Synchronic and diachronic studies on discourse, lexis and grammar processing
Sofia Bemposta-Rivas, Carla Bouzada-Jabois, Yolanda Fernández-Pena, Tamara Bouso, Yolanda J. Calvo-Benzies and Iván Tamaredo
This volume includes eleven papers pertaining to different areas of linguistics and organised into three sections. Part I contains diachronic studies which cover data from Middle English to Present-Day English and which explore phenomena such as the status of extender tags, the distribution of free adjuncts, post-auxiliary ellipsis, and the use of ‘ephemeral’ concessive adverbial subordinators. Part II comprises studies on grammar and language processing dealing with topics such as the interaction between syntactic and structural complexity and verbal agreement with collective subjects, the influence of distributivity and concreteness on verbal agreement, the interaction of complexity and efficiency in pronoun omission in Indian English and Singapore English, and the methods and approaches used for grammar teaching in modern EFL/ESL textbooks. Finally, Part III revolves around lexis, discourse and pragmatics, with papers that discuss the development of the discoursal representation of social actors in Argentinian newspapers after the military dictatorship, the construction of women’s gender identity through positive and negative emotions in women’s magazines, and spelling-to-sound correspondence on Twitter.
‘We cou’d not fail of learning the Latin language, as well as we do the Modern Languages’: An empirical study of the licensors and genre distribution of Post-Auxiliary Ellipsis in Late Modern English (Evelyn Gandón-Chapela)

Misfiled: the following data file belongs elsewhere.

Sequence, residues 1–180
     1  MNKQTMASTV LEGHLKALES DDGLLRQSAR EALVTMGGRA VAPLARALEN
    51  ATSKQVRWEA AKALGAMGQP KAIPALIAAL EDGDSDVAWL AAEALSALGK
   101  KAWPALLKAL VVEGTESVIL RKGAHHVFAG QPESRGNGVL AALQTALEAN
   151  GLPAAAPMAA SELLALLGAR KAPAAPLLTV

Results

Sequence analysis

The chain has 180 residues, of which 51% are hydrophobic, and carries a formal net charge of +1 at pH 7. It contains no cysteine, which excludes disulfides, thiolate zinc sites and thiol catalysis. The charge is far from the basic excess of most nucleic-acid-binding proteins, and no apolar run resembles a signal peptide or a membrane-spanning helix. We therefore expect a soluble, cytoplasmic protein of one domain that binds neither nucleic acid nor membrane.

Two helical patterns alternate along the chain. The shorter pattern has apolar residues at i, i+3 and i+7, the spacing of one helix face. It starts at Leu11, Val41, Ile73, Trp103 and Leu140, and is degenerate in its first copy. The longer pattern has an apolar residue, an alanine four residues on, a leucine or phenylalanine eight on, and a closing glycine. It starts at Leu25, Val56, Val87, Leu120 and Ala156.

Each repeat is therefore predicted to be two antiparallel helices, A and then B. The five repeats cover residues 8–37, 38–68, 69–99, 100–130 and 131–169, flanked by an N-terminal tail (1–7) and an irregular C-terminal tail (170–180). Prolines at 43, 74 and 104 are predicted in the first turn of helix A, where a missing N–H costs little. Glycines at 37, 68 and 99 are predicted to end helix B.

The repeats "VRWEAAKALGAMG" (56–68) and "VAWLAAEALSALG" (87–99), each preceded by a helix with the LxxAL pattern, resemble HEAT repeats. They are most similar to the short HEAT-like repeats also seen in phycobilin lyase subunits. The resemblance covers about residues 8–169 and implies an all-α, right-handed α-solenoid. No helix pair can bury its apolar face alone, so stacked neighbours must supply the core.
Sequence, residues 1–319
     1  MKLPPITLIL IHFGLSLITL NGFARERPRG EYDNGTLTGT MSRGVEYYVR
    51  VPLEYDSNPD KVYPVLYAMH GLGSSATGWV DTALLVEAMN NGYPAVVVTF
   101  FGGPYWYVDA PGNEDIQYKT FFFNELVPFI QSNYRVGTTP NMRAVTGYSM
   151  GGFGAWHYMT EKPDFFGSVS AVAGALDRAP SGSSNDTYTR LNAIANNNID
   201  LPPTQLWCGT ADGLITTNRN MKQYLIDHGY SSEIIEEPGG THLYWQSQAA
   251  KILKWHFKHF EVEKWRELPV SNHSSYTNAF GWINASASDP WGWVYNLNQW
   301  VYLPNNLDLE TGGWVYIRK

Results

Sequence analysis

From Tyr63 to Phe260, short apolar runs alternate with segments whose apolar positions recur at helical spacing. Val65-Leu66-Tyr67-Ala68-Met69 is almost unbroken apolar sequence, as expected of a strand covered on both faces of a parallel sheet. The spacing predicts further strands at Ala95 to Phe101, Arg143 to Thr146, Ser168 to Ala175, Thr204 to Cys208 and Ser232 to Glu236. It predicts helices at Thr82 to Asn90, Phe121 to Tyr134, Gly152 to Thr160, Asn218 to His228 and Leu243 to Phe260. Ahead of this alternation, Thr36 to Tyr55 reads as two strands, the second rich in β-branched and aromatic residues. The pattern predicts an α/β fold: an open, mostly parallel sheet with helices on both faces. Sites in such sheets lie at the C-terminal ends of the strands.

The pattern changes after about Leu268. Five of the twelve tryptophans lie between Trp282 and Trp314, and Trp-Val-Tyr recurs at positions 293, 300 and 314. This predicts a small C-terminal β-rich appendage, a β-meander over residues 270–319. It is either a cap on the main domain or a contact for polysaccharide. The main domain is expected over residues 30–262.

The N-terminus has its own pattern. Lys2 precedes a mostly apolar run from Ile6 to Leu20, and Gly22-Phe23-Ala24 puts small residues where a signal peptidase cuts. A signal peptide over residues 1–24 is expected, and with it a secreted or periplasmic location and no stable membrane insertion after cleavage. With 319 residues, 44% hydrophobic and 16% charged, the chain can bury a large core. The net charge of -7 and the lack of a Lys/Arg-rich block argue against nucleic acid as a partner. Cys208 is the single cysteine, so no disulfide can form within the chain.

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EVELYN GANDÓN-CHAPELA University of Vigo – email@example.com
‘We cou’d not fail of learning the Latin language, as well as we do the Modern Languages’: An empirical study of the licensors and genre distribution of Post-Auxiliary Ellipsis in Late Modern English1
In this paper I will first introduce the concept of ‘ellipsis’, and then describe the characteristics of Post-Auxiliary Ellipsis (section 2), which will be the focus of this study. In section 3, I will offer a general description of the Penn Corpora of Historical English, whose texts have been the data source of this paper. In section 4, I will present the data concerning the licensors attested in Post-Auxiliary Ellipsis in Late Modern English and establish a comparison with other empirical works on Present-Day English. In section 5, I will check whether there are any instances of auxiliaries before the licensors of ellipsis. Section 6 provides the summary and concluding remarks. ← 83 | 84 →
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